By building on the TCFD and the GHG Protocol, the SEC followed stakeholder recommendations to leverage existing reporting guidance and frameworks. I expect comments on the proposal submitted to SEC will include further recommendations to align the rule with existing frameworks. – Tom Curry, Partner, Corporate Sustainability and Climate Change, ERM
3. Scenario analysis to the forefront
According to the TCFD 2021 Status Report, scenario analysis was the least reported aspect of the TCFD’s recommended disclosures, with only 13 percent of the public companies analyzed including such information in their reporting. With the SEC’s proposed rule set to introduce requirements for reporting on scenario analysis, this risk assessment method will no longer be able to be bypassed. For those companies already utilizing scenario analysis or planning to, it will be critical to explain how you conduct these assessments in future climate-related reporting.
4. Scope 3 reporting requirements still up for debate
In the lead up to the release of the SEC’s proposed climate-disclosure rule, one of the most debated issues was how it would approach Scope 3 reporting. Would it require all companies to track and report these emissions, or would it limit Scope 3 reporting to companies whose Scope 3 emissions met a certain threshold? In the end, the proposal required companies to report on Scope 3 emissions if they are material or if a company has set a related target or goal. Regardless of what’s in the final rule, it is clear that U.S. companies are already tracking and reporting on these emissions. For example, an April 2022 ERM review of 30 leading U.S. power companies found that over 50 percent already report their Scope 3 emissions and that 30 percent have set some sort of target to reduce them.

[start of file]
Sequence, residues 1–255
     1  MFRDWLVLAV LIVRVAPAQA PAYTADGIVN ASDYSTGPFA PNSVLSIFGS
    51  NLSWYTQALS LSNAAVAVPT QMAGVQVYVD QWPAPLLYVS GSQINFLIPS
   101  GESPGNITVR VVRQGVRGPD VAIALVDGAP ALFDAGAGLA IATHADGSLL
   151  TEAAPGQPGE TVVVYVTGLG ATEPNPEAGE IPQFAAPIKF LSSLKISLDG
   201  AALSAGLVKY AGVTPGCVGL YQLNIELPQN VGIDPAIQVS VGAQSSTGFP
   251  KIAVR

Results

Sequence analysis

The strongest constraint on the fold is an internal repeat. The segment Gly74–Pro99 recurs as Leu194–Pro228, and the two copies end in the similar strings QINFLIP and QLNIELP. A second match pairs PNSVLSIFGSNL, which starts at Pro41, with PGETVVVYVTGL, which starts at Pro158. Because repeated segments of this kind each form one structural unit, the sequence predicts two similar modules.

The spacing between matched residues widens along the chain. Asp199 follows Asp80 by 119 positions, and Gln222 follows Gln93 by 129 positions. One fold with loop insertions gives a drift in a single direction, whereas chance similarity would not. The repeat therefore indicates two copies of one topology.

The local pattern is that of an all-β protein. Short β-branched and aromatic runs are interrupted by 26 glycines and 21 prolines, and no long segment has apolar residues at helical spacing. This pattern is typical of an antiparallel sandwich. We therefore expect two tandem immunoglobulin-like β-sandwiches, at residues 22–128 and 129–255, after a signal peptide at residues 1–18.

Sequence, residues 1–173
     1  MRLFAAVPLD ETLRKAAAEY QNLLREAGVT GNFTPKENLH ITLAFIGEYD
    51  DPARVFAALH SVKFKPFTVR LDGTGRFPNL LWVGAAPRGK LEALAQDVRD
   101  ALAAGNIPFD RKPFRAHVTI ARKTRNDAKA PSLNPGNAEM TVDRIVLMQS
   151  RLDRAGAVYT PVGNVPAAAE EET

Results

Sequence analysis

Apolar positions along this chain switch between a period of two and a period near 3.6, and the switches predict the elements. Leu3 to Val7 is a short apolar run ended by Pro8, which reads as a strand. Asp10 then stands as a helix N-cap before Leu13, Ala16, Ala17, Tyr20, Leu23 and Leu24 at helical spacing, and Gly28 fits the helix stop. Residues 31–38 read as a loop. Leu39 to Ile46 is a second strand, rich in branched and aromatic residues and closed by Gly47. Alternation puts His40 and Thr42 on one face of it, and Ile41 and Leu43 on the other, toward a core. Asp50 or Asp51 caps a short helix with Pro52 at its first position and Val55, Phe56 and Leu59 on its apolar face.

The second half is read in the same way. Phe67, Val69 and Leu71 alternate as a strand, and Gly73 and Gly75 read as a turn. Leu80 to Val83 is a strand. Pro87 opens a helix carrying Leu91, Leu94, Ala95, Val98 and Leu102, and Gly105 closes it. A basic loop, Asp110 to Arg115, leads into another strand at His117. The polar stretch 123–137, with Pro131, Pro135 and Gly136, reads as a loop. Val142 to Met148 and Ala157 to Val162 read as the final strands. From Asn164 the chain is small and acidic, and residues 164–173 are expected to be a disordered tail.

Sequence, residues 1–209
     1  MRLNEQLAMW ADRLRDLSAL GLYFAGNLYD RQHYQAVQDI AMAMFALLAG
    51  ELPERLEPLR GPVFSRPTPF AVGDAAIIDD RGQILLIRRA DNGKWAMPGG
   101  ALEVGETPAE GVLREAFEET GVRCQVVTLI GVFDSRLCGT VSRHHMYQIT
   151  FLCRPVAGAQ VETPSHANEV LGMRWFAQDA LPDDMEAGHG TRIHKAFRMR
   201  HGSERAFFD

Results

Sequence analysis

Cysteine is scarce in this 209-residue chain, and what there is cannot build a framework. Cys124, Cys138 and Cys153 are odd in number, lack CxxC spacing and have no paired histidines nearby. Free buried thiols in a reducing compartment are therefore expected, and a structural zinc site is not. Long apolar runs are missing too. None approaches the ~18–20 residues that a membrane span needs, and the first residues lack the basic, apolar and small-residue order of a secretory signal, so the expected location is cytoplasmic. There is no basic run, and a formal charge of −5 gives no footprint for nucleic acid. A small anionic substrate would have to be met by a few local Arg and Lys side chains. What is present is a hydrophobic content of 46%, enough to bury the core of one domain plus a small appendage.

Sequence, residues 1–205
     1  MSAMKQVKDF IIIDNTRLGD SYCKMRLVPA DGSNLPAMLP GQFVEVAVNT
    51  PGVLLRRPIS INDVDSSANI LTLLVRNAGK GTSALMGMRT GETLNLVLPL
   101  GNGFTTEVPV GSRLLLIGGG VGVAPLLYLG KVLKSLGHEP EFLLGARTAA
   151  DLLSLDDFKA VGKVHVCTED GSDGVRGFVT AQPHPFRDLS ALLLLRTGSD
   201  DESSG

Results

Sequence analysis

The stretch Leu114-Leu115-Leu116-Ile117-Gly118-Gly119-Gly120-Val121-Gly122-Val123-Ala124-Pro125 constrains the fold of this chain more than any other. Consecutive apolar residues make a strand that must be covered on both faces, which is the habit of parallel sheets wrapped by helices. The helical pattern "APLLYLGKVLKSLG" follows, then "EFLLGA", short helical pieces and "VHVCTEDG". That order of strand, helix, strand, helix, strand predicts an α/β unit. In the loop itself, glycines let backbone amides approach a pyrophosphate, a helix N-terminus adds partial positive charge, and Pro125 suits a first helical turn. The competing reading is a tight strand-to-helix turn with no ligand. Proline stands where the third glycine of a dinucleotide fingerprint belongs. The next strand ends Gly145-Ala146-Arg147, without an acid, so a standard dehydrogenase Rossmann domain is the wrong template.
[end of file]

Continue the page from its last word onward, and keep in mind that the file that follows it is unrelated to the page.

5. Climate-related targets and goals to come under increased scrutiny
As net zero commitments and other climate-related targets and goals proliferate, it has become more difficult for stakeholders to assess progress against them, and there is concern about potential greenwashing. According to one analysis, the net zero targets of 25 of the world’s most valuable companies are not as robust as advertised. The proposed SEC rule requirements will likely bring more scrutiny to climate-related targets and goals by making it easier to determine the scope of a company’s ambitions and how they plan to achieve them.
A Welcome Evolution
From the original to the 53rd, Earth Day has been part of the evolution of environmental policy in the U.S. and across the world.
Today, climate change has superseded the air and water issues that defined the ‘environmental decade’ of the 1970s. While the SEC’s proposed rule will bring significant change to the corporate reporting landscape, it also presents significant opportunity for businesses to demonstrate the strengths of their climate actions at a time of intensifying climate change impacts. For investors and society as a whole, this should be a welcome evolution.